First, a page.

New research from Mind suggests that men are twice as likely to have mental health problems due to their job, compared to problems outside of work.
One in three men (32 per cent) attribute poor mental health to their job, compared to one in seven men (14 per cent) who say it’s problems outside of work. Women, on the other hand, say that their job and problems outside of work are equal contributing factors: one in five women say that their job is the reason for their poor mental health, the same as those who say problems outside of work is to blame (19 per cent).
The research comes from a survey of 15,000 employees across 30 organisations. The data also shows that men are less prepared to seek help and take time off than women. While two in five women (38 per cent) feel the culture in their organisation makes it possible to speak openly about their mental health problems, only one in three men (31 per cent) say the same. Two in five women (43 per cent) have taken time off for poor mental health at some point in their career, but this is true for just one in three men (29 per cent).
This suggests that although men are more likely to have mental health problems because of their job, women are more likely to open up and seek support from their line manager or employer. Previous Mind research suggests that men often try to find ways of dealing with their problems independently rather than reaching out and sharing their problems. Instead of talking about their problems, men prefer to watch TV, exercise or self-medicate, such as drink alcohol.
The findings also show a difference in how men and women feel they’re being supported in the workplace. While three in five women (58 per cent) feel their manager regularly checks in on how they are feeling, only half of men (49 per cent) feel the same.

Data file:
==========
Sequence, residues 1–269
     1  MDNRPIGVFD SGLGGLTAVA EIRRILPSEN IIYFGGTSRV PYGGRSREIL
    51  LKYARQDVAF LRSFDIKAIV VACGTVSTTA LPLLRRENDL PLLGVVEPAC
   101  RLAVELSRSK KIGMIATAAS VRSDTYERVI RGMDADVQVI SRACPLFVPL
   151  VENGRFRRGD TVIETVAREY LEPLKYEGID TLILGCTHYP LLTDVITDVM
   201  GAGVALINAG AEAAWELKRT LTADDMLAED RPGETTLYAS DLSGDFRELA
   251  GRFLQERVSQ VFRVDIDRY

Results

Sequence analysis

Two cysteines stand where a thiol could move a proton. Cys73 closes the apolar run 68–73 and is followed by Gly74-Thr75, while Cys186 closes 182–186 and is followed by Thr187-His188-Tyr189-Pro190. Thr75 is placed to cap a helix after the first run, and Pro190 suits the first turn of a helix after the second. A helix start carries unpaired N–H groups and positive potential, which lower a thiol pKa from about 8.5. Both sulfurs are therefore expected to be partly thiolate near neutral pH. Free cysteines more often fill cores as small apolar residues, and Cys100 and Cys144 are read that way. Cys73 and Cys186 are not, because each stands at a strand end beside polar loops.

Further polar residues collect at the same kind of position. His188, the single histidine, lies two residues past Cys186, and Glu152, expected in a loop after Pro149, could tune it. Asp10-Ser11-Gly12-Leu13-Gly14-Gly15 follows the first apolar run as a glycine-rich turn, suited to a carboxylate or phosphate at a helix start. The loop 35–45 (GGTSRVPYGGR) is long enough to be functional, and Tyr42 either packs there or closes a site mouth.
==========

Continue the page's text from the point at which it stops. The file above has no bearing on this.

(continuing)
However, the results show that line managers feel confident in supporting employees with mental health problems. Three in four line managers (74 per cent) feel confident in supporting a team member with mental health problems. Although the results show a discrepancy between how male and female line managers feel they promote workplace wellbeing: only three in five male line managers (60 per cent) feel they have a good understanding of how to promote the mental wellbeing of staff, compared to three in four female line managers (74 per cent).
Emma Mamo, Head of Workplace Wellbeing at Mind, said: “Our research shows that work is the main factor causing men poor mental health, above problems outside work. Many men work in industries where a macho culture prevails or where a competitive environment may exist which prevents them from feeling able to be open. It is concerning that so many men find themselves unable to speak to their bosses about the impact that work is having on their wellbeing and even more worrying that they are then not asking to take time off when they need it. Our research shows that the majority of managers feel confident in supporting employees with mental health problems, but they can only offer extra support if they’re aware there is a problem.
“In the last few years, we’ve seen employers come on leaps and bounds when it comes to tackling stress and supporting the mental wellbeing of their staff, including those with a diagnosed mental health problem. However, there is more to do and employers do need to recognise the different approaches they may need to adopt in how they address mental health in the workplace.”